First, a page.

NUVO Interview: Neil Diamond 

He’s the Jewish Elvis. The Diamond that is Forever. Now his assertive performance on his new album — the starkly introspective Home Before Dark — earns him yet another moniker: The Basher.

After all this myth making, why does Neil Diamond still fear writing a new song, or recording a new album?

“You always have that lingering doubt when you take on a project,” Diamond said during a recent conference call. “You just never do know whether something’s going to come out.”

And yet for Diamond, something always has. Since first picking up a guitar at age 16, he’s sold well north of 100 million records worldwide and ranks with Barbra Streisand and Elton John as one of adult contemporary’s most successful artists. Unbelievably, Home Before Dark is the 67-year-old Diamond’s first No. 1 record.

“It’s nice to feel that in this market — that’s filled with young people — that an [older performer] can come along and knock a few of them off their perches,” he said.

Home Before Dark and its predecessor, 12 Songs, (both produced by the esteemed Rick Rubin) represent the austere side to Diamond’s sequined sparkle. While both have garnered him some of the best reviews of his career, Diamond says he’s not trying to reinvent himself.

“I like the way I was invented originally,” he said. “I’ve kind of gotten used to it. This is just another step, that’s all. I’ve been taking steps since the beginning. I’m not reaching out to anybody but the audience that wants to listen.”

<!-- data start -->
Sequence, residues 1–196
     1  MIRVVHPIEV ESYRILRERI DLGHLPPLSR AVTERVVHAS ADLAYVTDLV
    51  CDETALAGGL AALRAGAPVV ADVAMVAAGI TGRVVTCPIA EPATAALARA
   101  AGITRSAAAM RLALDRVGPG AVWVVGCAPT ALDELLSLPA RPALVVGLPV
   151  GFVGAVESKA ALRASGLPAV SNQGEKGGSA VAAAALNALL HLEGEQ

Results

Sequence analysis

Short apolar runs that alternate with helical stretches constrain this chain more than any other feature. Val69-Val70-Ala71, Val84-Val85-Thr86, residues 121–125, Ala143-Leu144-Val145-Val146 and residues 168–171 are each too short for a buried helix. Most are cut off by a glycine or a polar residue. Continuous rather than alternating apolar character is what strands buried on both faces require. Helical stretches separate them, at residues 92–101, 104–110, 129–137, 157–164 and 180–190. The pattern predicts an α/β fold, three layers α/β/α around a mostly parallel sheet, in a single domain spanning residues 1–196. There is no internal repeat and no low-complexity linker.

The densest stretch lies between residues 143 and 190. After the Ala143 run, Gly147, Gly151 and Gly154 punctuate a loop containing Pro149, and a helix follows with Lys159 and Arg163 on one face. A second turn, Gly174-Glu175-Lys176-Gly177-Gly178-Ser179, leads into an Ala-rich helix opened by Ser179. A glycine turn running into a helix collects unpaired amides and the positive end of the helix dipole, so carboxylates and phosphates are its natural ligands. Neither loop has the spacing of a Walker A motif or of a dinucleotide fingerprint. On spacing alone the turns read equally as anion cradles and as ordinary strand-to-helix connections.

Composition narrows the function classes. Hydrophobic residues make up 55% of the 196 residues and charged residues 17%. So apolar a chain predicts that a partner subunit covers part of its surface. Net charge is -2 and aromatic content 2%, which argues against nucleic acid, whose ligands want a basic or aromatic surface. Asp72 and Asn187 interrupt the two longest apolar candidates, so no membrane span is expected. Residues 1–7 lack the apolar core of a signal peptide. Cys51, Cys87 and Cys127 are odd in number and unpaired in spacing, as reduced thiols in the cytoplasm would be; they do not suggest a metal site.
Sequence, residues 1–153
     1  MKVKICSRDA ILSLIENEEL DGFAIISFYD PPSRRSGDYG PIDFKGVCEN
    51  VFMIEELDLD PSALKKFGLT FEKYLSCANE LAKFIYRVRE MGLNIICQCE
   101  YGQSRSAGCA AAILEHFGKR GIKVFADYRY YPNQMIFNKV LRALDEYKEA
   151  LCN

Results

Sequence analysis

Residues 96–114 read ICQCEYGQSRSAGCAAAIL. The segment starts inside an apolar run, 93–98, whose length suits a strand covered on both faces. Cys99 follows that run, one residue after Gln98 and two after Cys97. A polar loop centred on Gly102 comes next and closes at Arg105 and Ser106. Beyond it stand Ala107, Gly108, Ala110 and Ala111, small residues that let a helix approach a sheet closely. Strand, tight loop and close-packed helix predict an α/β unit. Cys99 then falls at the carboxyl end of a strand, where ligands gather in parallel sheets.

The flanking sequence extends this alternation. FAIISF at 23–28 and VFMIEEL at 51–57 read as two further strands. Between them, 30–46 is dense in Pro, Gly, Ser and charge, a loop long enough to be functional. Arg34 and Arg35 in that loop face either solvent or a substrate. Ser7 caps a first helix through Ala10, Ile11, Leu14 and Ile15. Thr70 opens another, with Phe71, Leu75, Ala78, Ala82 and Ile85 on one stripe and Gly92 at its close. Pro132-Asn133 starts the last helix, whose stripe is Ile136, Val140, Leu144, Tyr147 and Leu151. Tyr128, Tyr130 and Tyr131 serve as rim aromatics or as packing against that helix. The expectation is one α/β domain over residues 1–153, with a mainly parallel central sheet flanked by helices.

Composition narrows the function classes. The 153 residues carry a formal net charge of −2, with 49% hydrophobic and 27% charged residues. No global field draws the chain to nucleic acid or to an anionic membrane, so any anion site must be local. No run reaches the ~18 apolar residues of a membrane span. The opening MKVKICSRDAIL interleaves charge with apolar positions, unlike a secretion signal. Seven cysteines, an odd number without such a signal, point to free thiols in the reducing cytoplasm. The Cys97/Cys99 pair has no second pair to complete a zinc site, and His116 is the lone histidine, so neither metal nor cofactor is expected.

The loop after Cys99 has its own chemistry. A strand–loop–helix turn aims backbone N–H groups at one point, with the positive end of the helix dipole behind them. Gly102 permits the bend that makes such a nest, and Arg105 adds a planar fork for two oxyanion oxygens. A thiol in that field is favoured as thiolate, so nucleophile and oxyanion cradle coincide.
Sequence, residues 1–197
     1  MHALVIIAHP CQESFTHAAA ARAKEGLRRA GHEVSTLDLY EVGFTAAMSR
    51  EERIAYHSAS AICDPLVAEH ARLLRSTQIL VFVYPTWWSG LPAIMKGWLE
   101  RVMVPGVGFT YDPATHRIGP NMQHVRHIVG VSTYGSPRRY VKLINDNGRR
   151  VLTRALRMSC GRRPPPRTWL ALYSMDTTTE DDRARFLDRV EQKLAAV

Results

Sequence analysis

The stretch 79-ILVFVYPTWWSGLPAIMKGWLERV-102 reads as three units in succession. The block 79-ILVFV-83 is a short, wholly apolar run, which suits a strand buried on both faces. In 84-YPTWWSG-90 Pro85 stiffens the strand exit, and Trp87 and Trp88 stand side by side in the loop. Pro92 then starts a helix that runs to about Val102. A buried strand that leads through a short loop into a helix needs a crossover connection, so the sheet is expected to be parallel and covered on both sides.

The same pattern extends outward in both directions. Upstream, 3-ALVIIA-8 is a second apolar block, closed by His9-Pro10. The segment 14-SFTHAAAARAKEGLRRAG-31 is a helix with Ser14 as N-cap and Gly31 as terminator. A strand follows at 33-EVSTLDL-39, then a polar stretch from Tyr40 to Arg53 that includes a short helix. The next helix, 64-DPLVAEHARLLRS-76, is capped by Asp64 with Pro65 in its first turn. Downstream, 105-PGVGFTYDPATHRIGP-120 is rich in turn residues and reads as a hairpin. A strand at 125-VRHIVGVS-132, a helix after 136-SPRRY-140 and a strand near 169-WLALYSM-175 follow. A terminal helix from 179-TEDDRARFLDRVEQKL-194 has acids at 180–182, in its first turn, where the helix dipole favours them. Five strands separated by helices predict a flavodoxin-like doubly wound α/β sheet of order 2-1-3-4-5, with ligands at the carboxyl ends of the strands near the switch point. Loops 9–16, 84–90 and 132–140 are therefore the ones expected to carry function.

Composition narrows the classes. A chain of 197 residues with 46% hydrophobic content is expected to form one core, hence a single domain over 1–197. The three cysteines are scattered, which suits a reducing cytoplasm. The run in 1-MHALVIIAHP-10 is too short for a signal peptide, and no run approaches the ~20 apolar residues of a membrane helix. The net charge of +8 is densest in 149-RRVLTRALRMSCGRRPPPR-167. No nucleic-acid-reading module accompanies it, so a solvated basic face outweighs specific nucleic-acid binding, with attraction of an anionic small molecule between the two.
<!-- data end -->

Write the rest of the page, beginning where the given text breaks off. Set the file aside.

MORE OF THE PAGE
He’s still finding receptive ears. Reviews of his European tour earlier this year were glowing. Attendees of his upcoming 37-date North American jaunt can expect the requisite opulence mixed with the intimacy of his recent work.

“Basically, I’m trying to cover a lifetime of music and be as close with the audience as I possibly can,” he said of the setup.

Perhaps his success rests not just in the memorable melodies, but his relatable message.

“Being a member of the human race in good standing, I feel a lot of people experience the same feelings and aspirations as I do,” Diamond said. “Maybe that’s why some of these songs have struck a chord in people.”

Diamond may be a polarizing figure in some circles, but he assures it’ll never be because he aped any cultural proclivities.

“I’ve always had to follow my own thing because it was the only thing I could do,” he said. “To me trends don’t exist. The only trend is music: Either it’s good or bad, beautiful or not, involves the listener or doesn’t, moves me when I perform it or not. These are the considerations.”


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